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Senior 05-15-2017 09:02 AM

Thousands of Veterans and Their Families Would Lose Insurance Under the AHCA
 
Thousands of Veterans and Their Families Would Lose Insurance Under the AHCA

Quote:

Alicia Adamczyk
Mar 15, 2017

Will Fischer, an Iraq war veteran, isn't too fond of the current House Republican plan to repeal and replace the Affordable Care Act. “When we see rollbacks like this, I don’t see how anyone can think that’s a positive thing,” says Fischer, the head of government relations at VoteVets, a progressive veterans organization. “We want to ensure that people don’t have to make a choice between buying their child lunch and buying their child medicine.” The rollback Fischer is referring to is the possible repeal of the Affordable Care Act, and a nod to President Donald Trump's promise to "get our veterans the care they need wherever and whenever they need it." Trump has vowed to cut wait times at the Department of Veteran Affairs (VA) and increase the number of mental health professionals available.

But the GOP's recently released American Health Care Act—which the president supports—would put many vets at risk of losing access to the care they need. Hundreds of thousands of veterans and their family members have gained coverage under Obamacare, or the ACA, according to research from the Urban Institute, a socioeconomic think tank. In fact, a study published by the Urban Institute last fall reported that the rate of uninsured veterans dropped by 42% between 2013 and 2015. That increased coverage has translated into fewer vets reporting that they can't afford their hospital bills or have an unmet medical need, says Jennifer Haley, a research associate at the Urban Institute and one of the authors of the report. All of those coverage gains are now on the chopping block under the AHCA. "A lot of people were surprised that any veterans were uninsured," says Haley. "But if the ACA's coverage options are no longer available to veterans, I would think we would go back to increases in [those uninsured]."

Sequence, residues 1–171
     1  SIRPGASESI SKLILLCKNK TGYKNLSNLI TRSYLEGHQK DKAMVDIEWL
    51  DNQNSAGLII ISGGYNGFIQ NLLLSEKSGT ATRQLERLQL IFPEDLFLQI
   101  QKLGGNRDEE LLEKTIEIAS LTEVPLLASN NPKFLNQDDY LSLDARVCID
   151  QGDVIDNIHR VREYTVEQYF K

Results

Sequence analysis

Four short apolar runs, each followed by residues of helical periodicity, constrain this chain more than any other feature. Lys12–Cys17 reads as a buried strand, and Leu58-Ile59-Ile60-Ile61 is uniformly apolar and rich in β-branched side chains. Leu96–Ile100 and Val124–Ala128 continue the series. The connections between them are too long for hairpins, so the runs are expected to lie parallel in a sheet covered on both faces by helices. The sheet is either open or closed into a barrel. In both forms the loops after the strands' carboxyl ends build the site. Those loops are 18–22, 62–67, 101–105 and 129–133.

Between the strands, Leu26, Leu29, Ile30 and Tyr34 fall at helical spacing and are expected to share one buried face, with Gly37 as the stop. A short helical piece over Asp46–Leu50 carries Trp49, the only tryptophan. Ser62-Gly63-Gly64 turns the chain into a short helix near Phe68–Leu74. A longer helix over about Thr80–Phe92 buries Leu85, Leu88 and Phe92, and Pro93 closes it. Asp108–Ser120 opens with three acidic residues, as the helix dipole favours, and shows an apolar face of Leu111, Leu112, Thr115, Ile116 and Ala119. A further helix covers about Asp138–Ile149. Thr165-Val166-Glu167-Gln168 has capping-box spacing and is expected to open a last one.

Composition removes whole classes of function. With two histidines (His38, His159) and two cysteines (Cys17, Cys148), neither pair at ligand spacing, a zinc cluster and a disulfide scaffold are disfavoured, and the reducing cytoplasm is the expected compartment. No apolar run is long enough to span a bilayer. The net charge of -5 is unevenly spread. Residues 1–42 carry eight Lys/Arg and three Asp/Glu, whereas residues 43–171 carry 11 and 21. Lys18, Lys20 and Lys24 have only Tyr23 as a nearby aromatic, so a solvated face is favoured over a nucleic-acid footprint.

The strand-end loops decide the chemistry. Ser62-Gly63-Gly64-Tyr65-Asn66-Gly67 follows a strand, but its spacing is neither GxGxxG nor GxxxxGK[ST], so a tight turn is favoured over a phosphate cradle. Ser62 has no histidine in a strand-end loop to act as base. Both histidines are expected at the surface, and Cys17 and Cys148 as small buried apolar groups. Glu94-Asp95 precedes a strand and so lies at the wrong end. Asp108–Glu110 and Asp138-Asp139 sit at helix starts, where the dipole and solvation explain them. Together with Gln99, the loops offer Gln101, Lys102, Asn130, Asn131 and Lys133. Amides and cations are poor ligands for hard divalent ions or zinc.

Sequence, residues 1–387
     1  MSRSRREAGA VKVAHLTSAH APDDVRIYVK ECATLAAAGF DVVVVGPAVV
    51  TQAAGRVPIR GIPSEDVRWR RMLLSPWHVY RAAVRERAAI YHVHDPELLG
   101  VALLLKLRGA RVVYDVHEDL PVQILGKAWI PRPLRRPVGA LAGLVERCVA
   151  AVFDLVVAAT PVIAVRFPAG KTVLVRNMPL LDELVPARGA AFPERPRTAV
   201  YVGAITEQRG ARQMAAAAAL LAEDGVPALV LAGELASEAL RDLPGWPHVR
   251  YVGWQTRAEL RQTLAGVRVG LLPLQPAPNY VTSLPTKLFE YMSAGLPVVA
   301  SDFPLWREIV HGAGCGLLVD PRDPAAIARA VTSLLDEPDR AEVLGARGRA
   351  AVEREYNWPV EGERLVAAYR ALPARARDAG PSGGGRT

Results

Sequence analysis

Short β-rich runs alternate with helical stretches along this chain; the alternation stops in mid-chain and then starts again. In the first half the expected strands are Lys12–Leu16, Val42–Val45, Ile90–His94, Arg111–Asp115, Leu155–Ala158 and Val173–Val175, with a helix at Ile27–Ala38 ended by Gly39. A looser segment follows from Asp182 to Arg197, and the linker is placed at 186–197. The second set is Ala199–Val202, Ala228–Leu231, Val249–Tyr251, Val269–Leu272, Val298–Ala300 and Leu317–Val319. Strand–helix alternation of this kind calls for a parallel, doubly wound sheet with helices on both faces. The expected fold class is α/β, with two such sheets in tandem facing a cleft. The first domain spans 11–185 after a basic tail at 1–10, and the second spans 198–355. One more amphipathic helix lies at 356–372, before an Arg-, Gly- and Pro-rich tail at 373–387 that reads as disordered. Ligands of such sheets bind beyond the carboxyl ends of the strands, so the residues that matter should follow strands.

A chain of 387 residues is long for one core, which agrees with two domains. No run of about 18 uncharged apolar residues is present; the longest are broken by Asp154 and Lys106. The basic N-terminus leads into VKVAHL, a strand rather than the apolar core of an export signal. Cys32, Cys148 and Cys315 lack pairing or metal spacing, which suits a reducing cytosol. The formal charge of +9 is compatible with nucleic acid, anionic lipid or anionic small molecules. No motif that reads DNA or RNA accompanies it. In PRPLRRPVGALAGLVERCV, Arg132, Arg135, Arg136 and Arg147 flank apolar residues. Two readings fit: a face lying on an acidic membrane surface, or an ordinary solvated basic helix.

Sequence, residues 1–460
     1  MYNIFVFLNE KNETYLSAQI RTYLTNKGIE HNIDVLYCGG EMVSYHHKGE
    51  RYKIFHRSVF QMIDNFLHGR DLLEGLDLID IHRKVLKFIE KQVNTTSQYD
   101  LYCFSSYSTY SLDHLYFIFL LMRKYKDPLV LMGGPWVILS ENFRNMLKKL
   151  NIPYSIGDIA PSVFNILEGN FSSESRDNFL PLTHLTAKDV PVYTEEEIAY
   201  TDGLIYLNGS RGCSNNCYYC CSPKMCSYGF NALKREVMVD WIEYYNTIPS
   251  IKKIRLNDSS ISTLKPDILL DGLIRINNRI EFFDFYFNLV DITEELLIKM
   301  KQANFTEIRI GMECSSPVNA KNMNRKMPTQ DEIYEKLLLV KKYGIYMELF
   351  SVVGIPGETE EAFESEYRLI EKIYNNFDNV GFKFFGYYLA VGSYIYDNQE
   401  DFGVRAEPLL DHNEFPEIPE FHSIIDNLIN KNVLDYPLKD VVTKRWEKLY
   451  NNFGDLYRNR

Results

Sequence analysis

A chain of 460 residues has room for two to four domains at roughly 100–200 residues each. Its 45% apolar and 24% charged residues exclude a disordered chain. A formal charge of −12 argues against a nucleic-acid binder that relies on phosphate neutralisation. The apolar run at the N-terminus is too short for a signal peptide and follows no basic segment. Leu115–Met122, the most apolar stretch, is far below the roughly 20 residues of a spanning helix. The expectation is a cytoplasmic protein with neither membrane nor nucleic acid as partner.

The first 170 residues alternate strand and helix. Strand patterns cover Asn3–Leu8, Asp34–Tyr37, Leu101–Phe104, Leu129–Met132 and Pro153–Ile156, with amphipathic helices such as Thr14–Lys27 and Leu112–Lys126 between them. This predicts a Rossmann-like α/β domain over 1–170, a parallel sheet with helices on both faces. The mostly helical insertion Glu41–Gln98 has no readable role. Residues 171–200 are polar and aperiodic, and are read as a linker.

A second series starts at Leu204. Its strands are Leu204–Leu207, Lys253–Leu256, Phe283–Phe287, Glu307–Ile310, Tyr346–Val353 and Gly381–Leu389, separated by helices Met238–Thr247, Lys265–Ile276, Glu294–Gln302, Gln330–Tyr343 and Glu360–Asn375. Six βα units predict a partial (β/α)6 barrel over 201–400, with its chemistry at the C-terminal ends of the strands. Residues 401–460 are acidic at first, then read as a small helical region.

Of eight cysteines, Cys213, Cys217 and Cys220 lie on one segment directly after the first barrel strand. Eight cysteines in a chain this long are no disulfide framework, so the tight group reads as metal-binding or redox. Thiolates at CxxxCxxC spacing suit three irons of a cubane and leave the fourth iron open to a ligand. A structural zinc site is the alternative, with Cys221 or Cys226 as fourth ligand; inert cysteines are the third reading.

Millions of veterans can access health care services via the VA, but not every former military member qualifies for care there or chooses to use the organization’s services—long wait times and backlogs have plagued the agency for years. In the newly released report from the Congressional Budget Office, an estimated 24 million fewer Americans overall would be insured by 2026 under the AHCA, compared to the ACA, mostly because of the rollback of the Medicaid expansion and the individual mandate that requires everyone to purchase health care or pay a tax penalty. The veteran population would not be exempt from these changes. And that would send many vets back to the overburdened VA—which cannot hire additional workers to help process or care for potential new patients because of a federal hiring freeze implemented by the Trump administration. This would likely leave the thousands who do not qualify for VA care without coverage at all, as insurance becomes unaffordable without the ACA's subsidies. Hundreds of thousands of spouses and children could also lose coverage. (The VA did not return requests for comment.) But it’s not just insurance coverage that’s at risk—it’s the type of care that's covered by that insurance. The House plan removes the requirement that Medicaid plans cover essential services, including mental health, substance use, and behavioral health services.